Second inauguration of George Washington
Washington's inauguration at Philadelphia
by Jean Leon Gerome Ferris
|Date||March 4, 1793|
|Participants||President George Washington
Vice President John Adams
Associate Justice William Cushing
The second inauguration of George Washington as President of the United States was held in the Senate Chamber of Congress Hall in Philadelphia, Pennsylvania on March 4, 1793. The inauguration marked the commencement of the second four-year term of George Washington as President and of John Adams as Vice President. The presidential oath of office was administered to George Washington by Associate Justice William Cushing. This was the first inauguration to take place in Philadelphia (then the nation's capital), and took place exactly four years after the new federal government began operations under the U.S. Constitution.
George Washington's second inaugural address remains the shortest ever delivered, at just 135 words.
I am again called upon by the voice of my country to execute the functions of its Chief Magistrate. When the occasion proper for it shall arrive, I shall endeavor to express the high sense I entertain of this distinguished honor, and of the confidence which has been reposed in me by the people of united America.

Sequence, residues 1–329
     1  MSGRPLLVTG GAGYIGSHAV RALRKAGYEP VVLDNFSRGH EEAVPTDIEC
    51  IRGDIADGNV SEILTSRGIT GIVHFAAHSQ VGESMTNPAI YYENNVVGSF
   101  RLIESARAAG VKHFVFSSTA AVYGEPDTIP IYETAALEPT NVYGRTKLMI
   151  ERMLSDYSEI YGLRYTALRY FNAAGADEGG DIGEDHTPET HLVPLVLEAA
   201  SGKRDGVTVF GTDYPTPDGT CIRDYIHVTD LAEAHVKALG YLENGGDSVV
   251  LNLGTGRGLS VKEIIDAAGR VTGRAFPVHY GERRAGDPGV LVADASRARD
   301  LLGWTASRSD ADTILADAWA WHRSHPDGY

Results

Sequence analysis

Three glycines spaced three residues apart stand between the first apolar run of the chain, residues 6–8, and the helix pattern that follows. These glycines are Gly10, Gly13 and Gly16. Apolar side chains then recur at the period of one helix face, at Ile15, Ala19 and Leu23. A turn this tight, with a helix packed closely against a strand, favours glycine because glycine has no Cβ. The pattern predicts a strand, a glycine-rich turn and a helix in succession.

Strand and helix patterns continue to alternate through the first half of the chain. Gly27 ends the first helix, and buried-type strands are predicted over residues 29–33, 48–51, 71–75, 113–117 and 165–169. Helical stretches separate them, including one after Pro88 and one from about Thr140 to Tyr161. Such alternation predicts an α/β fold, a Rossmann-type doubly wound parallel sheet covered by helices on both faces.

Previous to the execution of any official act of the President the Constitution requires an oath of office. This oath I am now about to take, and in your presence: That if it shall be found during my administration of the Government I have in any instance violated willingly or knowingly the injunctions thereof, I may (besides incurring constitutional punishment) be subject to the upbraidings of all who are now witnesses of the present solemn ceremony.
- "The 2nd Presidential Inauguration, George Washington, March 04, 1793". U.S. Senate. Retrieved January 5, 2017.
- "Second Inaugural Address of George Washington". The Avalon Project at Yale Law School. Retrieved January 5, 2017.
- Presidency of George Washington
- First inauguration of George Washington
- United States presidential election, 1792
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